Re: The little voices inside my head won't be quiet!!



Cliff <Clhuprich@xxxxxxx> wrote in
news:2llek11ikhcgfg60n48dne3crc9nvsooa1@xxxxxxx:

> On 8 Oct 2005 01:04:53 GMT, D Murphy <spamto154@xxxxxxxxxxx> wrote:
>
>>Cliff <Clhuprich@xxxxxxx> wrote in
>>news:hngdk1dl6c6qten0uggp0gshgfqcjqc5ic@xxxxxxx:
>>
>>> On Fri, 07 Oct 2005 00:23:34 GMT, BottleBob <bottlbob@xxxxxxxxxxxxx>
>>> wrote:
>>>
>>>>> BTW, Don't tell the one what Chromium Steel is or that it's not
>>>>> actually used to make jet engine turbine blades from.
>>>>
>>>> Chrome steel? You mean like a steel alloy with Chromium in it?
>>>>
>>>>=========================================================
>>>>http://www.environmentaleducationohio.org/Biosphere/Case%20Studies/mi
>>>>ne rals.html
>>>>
>>>> Chromium, when mixed with other metals, gives them the
>>>> sought-after
>>>>qualities of hardness and resistance to high temperatures, wear, and
>>>>oxidation. Combined with nickel, aluminum, cobalt or titanium,
>>>>chromium forms superalloys able to withstand very high temperatures.
>>>>These alloys are used for products such as jet engine casings and
>>>>turbine blades, ball bearings, and high-speed drills.
>>>>==========================================================
>>>>
>>>>
>>>>==========================================================
>>>>http://www.falcon-metals.com/Nickel/NickelCharacteristics.htm
>>>>
>>>>Alloy 25
>>>>Haynes Co-20Cr-10BNi-15w-3Fe SUPERIOR STRENGTH AND GOOD
>>>>OXIDATION RESISTANCE AT TEMPERATURES TO 1800F
>>>>
>>>>JET ENGINE PARTS SUCH AS TURBINE BLADES, COMBUSTION CHAMBERS,
>>>>AFTER-BURNER PARTS. INDUSTRIAL FURNACE MUFFLES AND LINERS.
>>>>==========================================================
>>>>
>>>>==========================================================
>>>>http://www.ulbrich.com/stripmill/alloys/alloys.shtml
>>>>
>>>>HASTELLOY® X2
>>>>N06002
>>>>
>>>>Jet engine components for afterburner sections, blades, tailpipes.
>>>>Good strength and oxidation resistance to 2200°F.
>>>>
>>>>Ni+ - 48
>>>>C - .05 - .15
>>>>Mn - 1.00 MAX
>>>>Fe - 17.0 - 20.0
>>>>Si - 1.00 MAX
>>>>
>>>>Other
>>>> Cr - 20.5-23.0
>>>> W - .20-1.0
>>>> Mo - 8.0-10.0
>>>> Co - .50-2.5
>>>>==========================================================
>>>
>>> LOL .... You too, eh?
>>> And you work in what field, exactly?
>>
>>[High Performance Stainless Steels]
>>
>>http://www.stainless-steel-world.net/pdf/11021.pdf
>
> An intersting list but a few things might just be slightly
> miscatagorized I think, probably so as to be able to
> compare them more than anything else.
>
> Just because it says "High Performance Stainless Steels"
> does not make it so in all cases.

Translation - you know more than the trade mag for the Stainless steel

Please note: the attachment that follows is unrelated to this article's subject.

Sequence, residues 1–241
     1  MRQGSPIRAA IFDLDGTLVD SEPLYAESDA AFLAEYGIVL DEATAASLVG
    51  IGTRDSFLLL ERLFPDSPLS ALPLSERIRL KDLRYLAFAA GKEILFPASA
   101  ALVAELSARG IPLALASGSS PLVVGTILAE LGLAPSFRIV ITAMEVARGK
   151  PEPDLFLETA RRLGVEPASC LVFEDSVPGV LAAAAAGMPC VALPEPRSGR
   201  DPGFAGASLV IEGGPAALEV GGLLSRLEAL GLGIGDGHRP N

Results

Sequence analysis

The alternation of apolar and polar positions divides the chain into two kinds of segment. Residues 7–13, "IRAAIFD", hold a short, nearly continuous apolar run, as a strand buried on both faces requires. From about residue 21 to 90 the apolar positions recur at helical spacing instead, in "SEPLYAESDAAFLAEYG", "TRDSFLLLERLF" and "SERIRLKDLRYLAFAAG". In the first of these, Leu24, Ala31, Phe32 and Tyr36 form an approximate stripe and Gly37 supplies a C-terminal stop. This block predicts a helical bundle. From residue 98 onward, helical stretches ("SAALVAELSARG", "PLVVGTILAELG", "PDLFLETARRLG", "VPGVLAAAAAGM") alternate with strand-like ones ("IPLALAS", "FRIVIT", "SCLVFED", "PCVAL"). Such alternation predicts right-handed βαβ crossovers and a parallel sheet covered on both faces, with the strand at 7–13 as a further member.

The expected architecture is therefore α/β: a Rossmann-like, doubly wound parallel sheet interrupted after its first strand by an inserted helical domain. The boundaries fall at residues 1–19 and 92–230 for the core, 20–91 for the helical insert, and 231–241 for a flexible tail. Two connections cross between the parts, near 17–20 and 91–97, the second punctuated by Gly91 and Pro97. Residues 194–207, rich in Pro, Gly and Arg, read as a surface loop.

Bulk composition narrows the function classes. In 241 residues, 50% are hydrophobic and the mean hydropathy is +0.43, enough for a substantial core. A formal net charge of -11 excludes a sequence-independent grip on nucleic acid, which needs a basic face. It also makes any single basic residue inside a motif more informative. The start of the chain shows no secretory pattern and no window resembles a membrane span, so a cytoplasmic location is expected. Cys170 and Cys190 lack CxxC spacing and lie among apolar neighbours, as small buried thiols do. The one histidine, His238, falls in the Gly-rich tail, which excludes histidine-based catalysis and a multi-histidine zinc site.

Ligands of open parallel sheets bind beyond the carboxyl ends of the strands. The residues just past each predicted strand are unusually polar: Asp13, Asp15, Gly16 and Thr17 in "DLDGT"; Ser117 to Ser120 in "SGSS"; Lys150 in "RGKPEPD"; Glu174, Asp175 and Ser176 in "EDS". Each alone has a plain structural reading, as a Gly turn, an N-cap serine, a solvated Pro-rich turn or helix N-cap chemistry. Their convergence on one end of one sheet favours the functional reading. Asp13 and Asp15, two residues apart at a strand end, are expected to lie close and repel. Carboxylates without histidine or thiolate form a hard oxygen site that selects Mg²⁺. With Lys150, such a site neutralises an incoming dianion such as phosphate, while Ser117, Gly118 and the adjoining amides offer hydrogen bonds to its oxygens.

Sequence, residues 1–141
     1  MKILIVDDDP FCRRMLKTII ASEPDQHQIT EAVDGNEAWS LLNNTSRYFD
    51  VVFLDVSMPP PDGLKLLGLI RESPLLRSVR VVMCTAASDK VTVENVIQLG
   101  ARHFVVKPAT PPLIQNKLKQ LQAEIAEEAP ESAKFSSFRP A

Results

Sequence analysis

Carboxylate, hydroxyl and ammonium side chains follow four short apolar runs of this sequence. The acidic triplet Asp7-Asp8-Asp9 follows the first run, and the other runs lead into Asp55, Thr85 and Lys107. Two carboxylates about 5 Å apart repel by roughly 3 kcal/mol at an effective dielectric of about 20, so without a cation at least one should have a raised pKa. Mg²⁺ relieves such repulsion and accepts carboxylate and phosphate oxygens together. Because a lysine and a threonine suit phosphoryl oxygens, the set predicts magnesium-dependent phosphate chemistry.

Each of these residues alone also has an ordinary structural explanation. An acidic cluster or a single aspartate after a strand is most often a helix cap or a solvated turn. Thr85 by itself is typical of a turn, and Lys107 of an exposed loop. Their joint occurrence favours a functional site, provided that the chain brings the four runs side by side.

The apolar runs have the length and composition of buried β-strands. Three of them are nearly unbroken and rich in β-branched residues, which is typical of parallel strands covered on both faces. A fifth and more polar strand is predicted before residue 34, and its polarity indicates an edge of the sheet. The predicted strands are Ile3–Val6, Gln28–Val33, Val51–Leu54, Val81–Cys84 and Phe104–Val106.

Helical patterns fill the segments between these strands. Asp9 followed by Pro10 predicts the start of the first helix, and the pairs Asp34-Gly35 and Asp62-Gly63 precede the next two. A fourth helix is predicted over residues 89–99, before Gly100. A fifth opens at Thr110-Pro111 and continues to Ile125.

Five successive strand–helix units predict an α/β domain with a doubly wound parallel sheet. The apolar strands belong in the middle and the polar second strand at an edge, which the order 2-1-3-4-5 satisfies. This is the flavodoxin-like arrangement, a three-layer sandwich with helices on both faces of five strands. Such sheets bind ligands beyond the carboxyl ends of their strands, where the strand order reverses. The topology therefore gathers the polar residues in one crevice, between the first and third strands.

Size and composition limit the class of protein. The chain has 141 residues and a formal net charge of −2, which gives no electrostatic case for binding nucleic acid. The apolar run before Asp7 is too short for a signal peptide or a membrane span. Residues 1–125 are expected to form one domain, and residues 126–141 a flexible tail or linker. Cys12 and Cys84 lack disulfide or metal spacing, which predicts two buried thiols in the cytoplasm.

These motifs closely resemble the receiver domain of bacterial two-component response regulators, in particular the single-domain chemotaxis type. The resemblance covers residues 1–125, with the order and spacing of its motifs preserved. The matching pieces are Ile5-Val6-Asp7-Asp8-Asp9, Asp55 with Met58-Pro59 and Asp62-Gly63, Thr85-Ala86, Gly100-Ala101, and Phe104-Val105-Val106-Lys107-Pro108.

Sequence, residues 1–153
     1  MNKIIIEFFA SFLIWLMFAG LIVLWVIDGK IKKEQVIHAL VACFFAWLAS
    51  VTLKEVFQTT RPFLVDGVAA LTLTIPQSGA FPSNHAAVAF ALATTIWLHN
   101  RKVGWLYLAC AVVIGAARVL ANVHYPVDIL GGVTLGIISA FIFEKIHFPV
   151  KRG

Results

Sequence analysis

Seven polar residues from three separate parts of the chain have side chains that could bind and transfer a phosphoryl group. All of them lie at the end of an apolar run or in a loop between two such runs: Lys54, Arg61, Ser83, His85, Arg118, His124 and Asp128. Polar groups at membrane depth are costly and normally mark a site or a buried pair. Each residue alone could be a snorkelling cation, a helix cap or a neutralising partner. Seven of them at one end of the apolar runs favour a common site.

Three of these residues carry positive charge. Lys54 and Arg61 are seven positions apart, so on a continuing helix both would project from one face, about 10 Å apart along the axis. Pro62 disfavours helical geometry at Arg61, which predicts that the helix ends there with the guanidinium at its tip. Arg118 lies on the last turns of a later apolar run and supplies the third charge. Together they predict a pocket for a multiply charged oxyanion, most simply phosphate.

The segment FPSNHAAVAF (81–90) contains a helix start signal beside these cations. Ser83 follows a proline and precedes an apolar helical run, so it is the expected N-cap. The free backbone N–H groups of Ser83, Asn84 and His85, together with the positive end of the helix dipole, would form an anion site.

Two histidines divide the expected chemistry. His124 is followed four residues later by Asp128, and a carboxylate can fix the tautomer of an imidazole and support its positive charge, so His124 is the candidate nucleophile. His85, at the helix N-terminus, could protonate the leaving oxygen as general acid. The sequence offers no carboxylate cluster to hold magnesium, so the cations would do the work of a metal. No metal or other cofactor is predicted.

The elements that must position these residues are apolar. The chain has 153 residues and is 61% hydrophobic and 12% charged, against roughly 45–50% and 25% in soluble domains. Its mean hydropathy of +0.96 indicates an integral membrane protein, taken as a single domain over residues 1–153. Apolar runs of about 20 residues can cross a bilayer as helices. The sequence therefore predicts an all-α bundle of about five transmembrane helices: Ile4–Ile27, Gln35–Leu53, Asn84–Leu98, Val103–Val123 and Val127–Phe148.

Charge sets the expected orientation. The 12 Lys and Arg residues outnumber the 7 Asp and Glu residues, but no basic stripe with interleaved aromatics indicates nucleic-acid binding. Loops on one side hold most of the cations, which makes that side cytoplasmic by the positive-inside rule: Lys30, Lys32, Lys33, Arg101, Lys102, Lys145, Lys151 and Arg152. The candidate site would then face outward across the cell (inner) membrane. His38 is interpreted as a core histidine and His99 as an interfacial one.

industry.

>
>>[Inconel® refers to a family of trademarked high strength austenitic
>>nickel-chromium-iron alloys
>
> Yep.
>
>>that have exceptional anti-corrosion and heat-
>>resistance properties. These alloys contain high levels of nickel and
>>can be thought of as super-stainless steels.] from
>
> "Can be thought of", not "are".

As defined by you? If a drawing lists the material as Stainless Steel per
UNS-NO7718, what will we be machining? How about if it says Stainless Steel
AMS 5662?

I'm curious, what would you classify A-286 as?

>
>><http://www.burnsstainless.com/TechArticles/Inconel_article/inconel_art
>>icle .html>
>>
>>
>>also see
>>
>><http://www.steelforge.com/infoservices/matoverview/mo_iron_superalloys
>>.asp
>>>
>>
>>[Inconel 625 and 718 Backing Steels] from
>>
>><http://www.wexco.com/Cylinder%20Backings.html>
>
> Sort of a trademark thing, "backing steels"? A bit of a
> misnomer of a *phrase* in some cases butthe materials
> in those cases serve a similar functional purpose.
>
>>I've seen it numerous times on drawings as well.
>
> Chromium Steel?

Corrosion resistant steel or stainless steel usually. But IIRC in other
countries stainless is of called chromium steel or chromium nickel steel.
Or heat resistant alloy steel - <http://www.viadrus.cz/odlitkyocel.asp?
j=en&param=1>

The guy you were getting spanked by lives where?

[Heat Resistant Steels]

<http://www.supplycorp.com.au/HeatResistantSteels/HeatResistantSteels.htm>

>
> Free clue #1: "Steels are Iron alloys with less than 2.11% carbon> by
weight".
> Free clue #2: Don't confuse with Nickel alloys <G>.

The U.S. government (DOT) calls it steel

[§ 178.47(b) Steel .Authorized material is Inconel 718 alloy conforming to
SAE Aerospace Material Specification (AMS) 5662. ]

http://tinyurl.com/8xvym

Also, not all blades are made from nickel based alloys. Some Cobalt Chrome
alloys are now being used.

>
> Somewhat interesting but a bit questionable (BB loves Wick)
> http://en.wikipedia.org/wiki/Steel :
>
> [
> Currently there are several classes of steels in which carbon is
> replaced with other alloying materials, and carbon, if present, is
> undesired. A more recent definition is that steels are iron-based
> alloys that can be plastically formed (pounded, rolled, etc.).
>]

An online definition of what steel is doesn't disprove that nickel alloys
are often referred to as steels.


--

Dan

.